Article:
Black woodpeckers are large woodpeckers that live in the forests of the northern Paleartic and is the sole representative of its genus in the region. It is closely related to the pileated woodpecker of North America and the lineated woodpecker of South America. Like other woodpeckers, the black woodpecker feeds by using its bill to hammer on dead trees in the hopes of pulling out ants or beetle grubs. It also uses this same skill to bore out holes in trees for the purposes of nesting. The species has a neck that has been specifically designed for this task and are quite strong, especially for its size.

The bird is sometimes considered a nuisance as they sometimes damage power lines, poles, and houses. In this case, one example of the species targeted the plastic housing of a wildlife camera trap.

In the video, the black woodpecker can be seen popping in and out of frame as its loud pecks can be heard through the camera’s microphone. According to the Nature Reserve, the “vandalism” — as it is cheekily referred– was attributed to the bird’s desire to remove any human interference with the personal life of the animals in the region.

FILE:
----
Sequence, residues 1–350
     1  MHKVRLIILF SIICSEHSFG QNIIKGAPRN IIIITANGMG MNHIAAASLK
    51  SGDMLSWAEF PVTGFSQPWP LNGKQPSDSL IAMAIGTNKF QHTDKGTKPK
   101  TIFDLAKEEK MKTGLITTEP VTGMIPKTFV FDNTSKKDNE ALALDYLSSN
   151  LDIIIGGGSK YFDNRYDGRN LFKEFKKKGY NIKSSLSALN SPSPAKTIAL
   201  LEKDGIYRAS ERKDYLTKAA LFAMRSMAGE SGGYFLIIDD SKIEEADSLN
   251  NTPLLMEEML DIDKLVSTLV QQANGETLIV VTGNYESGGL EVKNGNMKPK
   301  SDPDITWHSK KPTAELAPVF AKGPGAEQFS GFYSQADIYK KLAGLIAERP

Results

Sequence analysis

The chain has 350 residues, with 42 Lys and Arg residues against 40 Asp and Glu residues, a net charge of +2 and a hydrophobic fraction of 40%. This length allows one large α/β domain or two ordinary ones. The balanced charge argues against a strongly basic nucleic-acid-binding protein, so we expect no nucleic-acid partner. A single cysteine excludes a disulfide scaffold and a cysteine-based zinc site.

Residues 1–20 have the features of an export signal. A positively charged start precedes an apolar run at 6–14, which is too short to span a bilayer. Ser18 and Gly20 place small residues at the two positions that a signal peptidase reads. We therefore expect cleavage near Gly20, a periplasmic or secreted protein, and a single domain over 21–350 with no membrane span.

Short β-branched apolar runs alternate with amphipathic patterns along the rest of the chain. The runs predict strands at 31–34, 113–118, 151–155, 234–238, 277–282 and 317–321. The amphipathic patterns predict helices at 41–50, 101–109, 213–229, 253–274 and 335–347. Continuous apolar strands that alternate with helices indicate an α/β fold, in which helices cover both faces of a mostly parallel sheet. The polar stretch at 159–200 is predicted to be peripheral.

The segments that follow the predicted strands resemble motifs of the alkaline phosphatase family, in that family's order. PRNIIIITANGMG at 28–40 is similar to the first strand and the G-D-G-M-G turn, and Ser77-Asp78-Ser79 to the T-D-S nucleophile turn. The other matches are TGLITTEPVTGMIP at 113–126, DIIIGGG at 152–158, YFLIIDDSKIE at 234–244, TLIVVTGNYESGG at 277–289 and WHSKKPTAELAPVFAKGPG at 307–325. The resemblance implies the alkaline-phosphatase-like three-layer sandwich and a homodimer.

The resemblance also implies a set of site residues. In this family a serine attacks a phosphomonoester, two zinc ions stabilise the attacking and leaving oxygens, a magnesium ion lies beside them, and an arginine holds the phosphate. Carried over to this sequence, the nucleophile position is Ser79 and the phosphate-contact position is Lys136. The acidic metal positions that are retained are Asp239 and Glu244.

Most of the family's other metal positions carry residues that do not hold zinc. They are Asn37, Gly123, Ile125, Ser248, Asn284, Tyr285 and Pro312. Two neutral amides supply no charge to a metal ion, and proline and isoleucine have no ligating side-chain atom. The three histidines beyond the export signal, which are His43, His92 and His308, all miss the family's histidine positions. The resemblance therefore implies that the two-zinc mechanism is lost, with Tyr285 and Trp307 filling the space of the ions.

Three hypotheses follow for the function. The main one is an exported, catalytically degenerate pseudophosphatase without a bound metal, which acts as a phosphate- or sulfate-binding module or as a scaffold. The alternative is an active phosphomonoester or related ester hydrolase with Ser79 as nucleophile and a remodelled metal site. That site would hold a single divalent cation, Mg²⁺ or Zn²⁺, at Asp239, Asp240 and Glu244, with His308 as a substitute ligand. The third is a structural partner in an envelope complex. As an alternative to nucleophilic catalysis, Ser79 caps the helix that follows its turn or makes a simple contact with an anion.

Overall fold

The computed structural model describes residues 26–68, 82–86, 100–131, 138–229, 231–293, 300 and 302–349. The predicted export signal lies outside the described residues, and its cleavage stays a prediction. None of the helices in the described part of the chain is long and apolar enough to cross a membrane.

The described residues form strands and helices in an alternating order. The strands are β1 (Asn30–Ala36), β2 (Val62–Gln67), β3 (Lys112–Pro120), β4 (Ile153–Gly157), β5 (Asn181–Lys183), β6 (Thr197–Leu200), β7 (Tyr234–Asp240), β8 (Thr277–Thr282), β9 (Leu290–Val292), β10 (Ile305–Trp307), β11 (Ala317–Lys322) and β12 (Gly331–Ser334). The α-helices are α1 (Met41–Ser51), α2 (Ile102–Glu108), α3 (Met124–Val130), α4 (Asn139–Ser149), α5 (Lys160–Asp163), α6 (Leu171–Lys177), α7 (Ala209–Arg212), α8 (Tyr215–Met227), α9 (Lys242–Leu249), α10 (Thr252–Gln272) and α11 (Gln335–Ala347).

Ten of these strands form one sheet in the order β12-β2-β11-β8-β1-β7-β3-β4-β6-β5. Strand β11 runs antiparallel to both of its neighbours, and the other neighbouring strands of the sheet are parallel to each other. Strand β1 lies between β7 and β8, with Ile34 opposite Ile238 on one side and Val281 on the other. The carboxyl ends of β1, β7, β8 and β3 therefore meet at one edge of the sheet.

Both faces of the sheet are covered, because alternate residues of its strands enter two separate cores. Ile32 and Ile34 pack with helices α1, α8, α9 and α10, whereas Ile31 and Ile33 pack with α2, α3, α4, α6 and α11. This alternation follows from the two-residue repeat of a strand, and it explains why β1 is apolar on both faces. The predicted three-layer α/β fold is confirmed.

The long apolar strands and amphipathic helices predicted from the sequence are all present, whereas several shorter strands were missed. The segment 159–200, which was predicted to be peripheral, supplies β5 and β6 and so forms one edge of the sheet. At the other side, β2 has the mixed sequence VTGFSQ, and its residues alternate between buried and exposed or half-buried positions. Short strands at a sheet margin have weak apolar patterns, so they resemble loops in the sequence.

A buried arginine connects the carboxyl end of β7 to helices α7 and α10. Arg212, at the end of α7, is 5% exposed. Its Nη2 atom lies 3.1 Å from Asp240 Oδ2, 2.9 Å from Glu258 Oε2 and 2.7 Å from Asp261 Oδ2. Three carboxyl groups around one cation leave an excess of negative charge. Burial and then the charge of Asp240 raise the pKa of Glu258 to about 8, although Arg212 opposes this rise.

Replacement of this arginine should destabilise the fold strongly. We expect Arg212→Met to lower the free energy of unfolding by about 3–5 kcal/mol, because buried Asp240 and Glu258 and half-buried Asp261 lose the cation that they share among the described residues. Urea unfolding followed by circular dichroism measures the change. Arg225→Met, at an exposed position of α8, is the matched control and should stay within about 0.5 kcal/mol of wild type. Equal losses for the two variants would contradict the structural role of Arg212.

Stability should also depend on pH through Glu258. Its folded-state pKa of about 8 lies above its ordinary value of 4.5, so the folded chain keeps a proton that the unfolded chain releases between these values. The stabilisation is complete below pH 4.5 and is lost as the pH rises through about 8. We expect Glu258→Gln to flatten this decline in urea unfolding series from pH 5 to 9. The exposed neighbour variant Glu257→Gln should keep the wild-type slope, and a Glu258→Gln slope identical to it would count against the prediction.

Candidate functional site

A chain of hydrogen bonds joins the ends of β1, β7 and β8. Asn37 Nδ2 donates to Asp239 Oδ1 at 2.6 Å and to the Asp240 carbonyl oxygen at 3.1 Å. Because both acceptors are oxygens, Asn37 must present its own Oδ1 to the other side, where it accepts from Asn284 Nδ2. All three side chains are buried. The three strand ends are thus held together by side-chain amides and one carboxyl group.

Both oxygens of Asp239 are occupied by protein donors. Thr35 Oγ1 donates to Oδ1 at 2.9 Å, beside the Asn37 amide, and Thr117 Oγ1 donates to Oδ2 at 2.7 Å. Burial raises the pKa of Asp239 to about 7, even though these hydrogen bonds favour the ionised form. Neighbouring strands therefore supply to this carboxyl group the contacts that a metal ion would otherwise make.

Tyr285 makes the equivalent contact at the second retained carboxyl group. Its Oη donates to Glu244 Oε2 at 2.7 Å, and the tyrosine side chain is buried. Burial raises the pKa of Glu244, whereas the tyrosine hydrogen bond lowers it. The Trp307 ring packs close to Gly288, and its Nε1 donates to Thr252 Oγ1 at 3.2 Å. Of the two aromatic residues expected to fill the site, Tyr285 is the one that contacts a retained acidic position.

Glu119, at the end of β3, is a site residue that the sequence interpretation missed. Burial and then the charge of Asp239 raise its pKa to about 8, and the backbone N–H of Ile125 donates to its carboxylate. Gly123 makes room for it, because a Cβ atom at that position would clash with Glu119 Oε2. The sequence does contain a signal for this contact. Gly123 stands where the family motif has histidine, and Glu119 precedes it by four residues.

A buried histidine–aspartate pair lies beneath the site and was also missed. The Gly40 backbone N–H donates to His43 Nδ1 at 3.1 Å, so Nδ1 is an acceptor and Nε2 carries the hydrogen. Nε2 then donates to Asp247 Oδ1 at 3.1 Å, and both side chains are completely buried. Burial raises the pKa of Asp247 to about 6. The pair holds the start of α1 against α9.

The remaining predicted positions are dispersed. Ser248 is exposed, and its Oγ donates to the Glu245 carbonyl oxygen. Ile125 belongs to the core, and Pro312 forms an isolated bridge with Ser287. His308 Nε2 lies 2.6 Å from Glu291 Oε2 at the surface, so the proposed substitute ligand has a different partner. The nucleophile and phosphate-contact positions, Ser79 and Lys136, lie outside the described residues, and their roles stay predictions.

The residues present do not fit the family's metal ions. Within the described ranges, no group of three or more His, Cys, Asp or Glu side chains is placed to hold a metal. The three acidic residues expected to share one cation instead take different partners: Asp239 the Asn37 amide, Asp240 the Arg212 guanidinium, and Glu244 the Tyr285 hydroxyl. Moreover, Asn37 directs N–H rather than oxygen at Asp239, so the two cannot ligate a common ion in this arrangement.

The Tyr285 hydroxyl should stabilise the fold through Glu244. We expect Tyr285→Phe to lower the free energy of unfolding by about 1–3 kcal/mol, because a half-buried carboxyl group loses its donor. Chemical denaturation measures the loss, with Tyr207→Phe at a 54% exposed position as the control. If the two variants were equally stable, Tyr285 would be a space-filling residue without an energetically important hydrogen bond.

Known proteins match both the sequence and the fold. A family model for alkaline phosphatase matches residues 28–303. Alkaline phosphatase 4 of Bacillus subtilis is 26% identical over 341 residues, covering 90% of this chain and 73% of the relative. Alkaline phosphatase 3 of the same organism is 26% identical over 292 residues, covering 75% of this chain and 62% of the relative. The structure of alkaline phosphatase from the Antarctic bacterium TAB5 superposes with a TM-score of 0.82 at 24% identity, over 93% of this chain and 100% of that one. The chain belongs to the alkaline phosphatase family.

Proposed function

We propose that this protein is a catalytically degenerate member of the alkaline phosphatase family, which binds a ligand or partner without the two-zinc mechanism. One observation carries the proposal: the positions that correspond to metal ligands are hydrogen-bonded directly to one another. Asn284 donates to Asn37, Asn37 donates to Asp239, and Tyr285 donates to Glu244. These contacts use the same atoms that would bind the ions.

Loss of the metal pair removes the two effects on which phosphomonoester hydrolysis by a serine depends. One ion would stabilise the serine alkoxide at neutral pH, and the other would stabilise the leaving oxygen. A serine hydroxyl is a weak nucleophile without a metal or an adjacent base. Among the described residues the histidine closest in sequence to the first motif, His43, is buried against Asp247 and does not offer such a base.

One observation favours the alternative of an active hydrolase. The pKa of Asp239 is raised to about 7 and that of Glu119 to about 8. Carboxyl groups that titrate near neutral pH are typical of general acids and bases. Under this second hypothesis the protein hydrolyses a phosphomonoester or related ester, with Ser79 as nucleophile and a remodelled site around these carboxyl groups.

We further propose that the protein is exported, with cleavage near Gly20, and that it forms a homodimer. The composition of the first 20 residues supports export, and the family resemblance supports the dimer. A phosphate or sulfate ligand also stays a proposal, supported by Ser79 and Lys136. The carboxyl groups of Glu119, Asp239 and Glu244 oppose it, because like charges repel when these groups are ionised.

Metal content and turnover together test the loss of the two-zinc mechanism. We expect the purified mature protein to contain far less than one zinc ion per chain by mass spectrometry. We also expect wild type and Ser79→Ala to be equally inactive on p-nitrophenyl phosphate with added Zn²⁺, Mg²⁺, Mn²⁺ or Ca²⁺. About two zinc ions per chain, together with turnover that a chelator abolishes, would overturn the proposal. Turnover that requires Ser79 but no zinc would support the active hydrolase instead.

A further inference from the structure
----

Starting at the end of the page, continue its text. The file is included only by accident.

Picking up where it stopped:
Vandalism in the reserve! The black woodpecker decided that there should be no interference with the personal life of animals and birds on his site – and destroyed the camera trap. Zhelna easily discovered the camouflaged device, and for several days methodically picked out the hole she liked. Researchers who arrived to check the camera trap had to state with regret that it would not be possible to get new frames from this place for a long time.

In reality, the woodpecker may have chosen the location due to the softer nature of the plastic versus the surrounding tree and possibly mistook the camera trap for rotting bark, behind which a possible meal lay hidden.

The aftermath | Nizhne-Svirsky Nature Reserve

The Nizhne-Svirsky Nature Reserve says that due to the damage, it is likely that it will be some time before the camera can be replaced and a view of that particular region can be restored.